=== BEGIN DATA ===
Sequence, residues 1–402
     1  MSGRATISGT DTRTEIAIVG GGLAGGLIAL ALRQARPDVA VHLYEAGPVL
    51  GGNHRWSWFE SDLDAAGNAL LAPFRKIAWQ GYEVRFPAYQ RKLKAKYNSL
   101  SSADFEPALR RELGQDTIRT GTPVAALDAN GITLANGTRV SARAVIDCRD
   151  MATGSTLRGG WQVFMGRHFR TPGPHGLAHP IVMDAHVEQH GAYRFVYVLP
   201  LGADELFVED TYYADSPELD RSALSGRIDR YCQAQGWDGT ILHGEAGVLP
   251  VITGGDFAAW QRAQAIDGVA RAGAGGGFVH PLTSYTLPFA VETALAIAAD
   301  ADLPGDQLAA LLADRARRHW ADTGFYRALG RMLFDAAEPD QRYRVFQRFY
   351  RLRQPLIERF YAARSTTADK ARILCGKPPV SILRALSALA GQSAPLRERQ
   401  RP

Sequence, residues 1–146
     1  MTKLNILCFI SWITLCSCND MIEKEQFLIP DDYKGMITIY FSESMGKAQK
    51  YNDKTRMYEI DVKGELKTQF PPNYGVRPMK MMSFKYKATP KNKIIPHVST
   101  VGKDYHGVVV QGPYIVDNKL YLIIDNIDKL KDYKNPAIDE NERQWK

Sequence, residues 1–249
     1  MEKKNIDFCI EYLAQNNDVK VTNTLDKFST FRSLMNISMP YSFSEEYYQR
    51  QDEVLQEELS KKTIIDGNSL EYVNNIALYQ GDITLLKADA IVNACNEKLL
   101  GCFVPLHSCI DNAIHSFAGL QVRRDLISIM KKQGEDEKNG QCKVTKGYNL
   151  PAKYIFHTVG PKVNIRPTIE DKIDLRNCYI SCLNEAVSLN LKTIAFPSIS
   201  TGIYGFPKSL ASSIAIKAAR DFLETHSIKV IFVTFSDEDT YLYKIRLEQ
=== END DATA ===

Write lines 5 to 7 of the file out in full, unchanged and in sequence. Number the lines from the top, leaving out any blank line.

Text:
   151  MATGSTLRGG WQVFMGRHFR TPGPHGLAHP IVMDAHVEQH GAYRFVYVLP
   201  LGADELFVED TYYADSPELD RSALSGRIDR YCQAQGWDGT ILHGEAGVLP
   251  VITGGDFAAW QRAQAIDGVA RAGAGGGFVH PLTSYTLPFA VETALAIAAD